So it’s with a mixture of admiration, disbelief and gentle amusement that I have greeted Kenny Dalglish’s attempts to bring this style of play back to the Premiership. Here is man who looked at the developments that have taken place over the last twenty years, shook his head and mumbled ‘not for me’.

During last summer as Liverpool were hell-bent on a transfer splurge, there was a lot of talk in the papers and amongst red-shites that the new acquisitions would be the key to propelling the side from the edge of the Europa regions and into the heart of the top-four (with an eye possibly on the top spot).

Dalglish is man who looked at the developments that have taken place over the last twenty years, shook his head and mumbled ‘not for me’

And you can see why they thought this. Dalglish had managed to come and turn Roy Hodgson’s under-performing squad into a side whose second-half-of-the-season form would have put them in the top three. So in essence all Liverpool needed was a tad more quality and they’d be challenging for the league.

What many people failed to see was that during those heady days of that summer Dalglish was indeed building a side to win the league, only it was the 1982 football league and not the 2012 Premiership title. His template seemed to be option two from above (knock it out to the wing and whip it in to the big man).

It seemed that rather than build a team around the-soon-to-be-vilified-racist Luis Suarez (a player that oozes talent) he had opted instead to build it around the soon-to-be-Premiership-joke, Andy Carroll (a player that oozes a mixture of Newkey Brown and sadness).

Aside from it being an ill-fit for the modern game, the other main problem with this approach is that it is centred upon a man without any discernible talent, giving it very little chance of working in the first place. And when Carroll is dropped from the team (which is happening with increased regularity), it leaves a system without point or focus.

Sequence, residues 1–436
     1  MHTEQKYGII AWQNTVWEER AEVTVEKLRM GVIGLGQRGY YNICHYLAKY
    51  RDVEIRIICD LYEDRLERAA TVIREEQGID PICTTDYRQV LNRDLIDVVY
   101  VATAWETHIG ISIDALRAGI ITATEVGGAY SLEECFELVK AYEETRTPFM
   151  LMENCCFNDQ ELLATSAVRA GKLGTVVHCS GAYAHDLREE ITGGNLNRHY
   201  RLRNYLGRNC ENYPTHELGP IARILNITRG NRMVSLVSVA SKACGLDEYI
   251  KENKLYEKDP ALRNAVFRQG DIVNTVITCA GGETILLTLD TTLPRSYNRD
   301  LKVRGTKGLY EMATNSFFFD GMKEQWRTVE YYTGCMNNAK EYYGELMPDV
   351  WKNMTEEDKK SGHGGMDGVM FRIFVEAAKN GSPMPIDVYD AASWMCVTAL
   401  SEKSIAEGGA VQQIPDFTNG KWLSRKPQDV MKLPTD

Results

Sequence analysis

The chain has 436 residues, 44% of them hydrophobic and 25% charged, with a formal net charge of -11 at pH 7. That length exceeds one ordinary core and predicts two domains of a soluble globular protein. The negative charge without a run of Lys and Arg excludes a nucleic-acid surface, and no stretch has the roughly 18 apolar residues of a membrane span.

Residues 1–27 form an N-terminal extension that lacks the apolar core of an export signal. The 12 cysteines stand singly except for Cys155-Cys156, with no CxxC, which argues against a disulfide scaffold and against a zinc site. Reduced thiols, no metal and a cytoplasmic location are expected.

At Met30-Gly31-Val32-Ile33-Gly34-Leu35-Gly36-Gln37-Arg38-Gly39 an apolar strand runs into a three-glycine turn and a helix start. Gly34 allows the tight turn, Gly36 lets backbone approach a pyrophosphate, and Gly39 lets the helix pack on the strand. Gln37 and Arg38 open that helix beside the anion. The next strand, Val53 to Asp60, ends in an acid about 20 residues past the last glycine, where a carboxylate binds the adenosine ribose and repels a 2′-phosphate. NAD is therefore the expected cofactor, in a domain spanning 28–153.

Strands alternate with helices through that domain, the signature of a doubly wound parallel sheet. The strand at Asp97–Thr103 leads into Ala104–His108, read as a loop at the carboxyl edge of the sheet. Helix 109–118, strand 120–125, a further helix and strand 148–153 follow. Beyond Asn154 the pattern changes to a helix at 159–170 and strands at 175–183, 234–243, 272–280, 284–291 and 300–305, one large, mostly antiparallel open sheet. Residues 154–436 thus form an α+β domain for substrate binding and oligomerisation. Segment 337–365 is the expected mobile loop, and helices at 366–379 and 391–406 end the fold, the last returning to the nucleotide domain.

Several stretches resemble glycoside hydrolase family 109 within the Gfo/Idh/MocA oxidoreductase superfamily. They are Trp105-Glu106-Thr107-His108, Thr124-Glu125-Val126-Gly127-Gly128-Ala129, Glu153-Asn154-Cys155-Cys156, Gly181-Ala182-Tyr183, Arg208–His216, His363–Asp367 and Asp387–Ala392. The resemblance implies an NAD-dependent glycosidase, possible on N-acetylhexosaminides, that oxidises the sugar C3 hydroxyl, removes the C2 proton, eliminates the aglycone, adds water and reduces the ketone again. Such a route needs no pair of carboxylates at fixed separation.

But for sad red-shites out there, there is a silver lining to all those clouds. By some miracle this flawed, backward system actually seems to be very suited to cup competitions. Cup ties are generally more frenetic than league games and so perhaps a bit of good-old-fashioned ‘kick and rush’ is what’s needed.

What many people failed to see was that during those heady days of that summer Dalglish was indeed building a side to win the league, only it was the 1982 football league.

And really, from one perspective this all seems quite apposite. Kenny Dalglish, the man from the eighties with an eighties approach to tactics, finding success in two cup competitions that none of the proper big clubs have really given a shit about since the eighties. When seen in that light it almost seems fitting that Liverpool might bag themselves both cups this year.

But of course before that can happen they have to face Everton in the semi. Now, some of the brighter reds amongst you will point out that what could be more ‘eighties’ than Liverpool beating Everton at Wembley?

And I agree.  But by saying that, you’d essentially be validating my entire argument and tacitly accepting that Dalglish is a hopeless relic who should be consigned to the managerial knackers yard.

And to me that’s almost as sweet as winning the FA Cup itself.

Other Liverpool articles you might like…

Three Players To Get Liverpool Winning Again

Liverpool vs Everton: Gerrard Needs Spearing Not Adam Beside Him

Charlie Adam: The Pros And Cons Of Liverpool’s New Alonso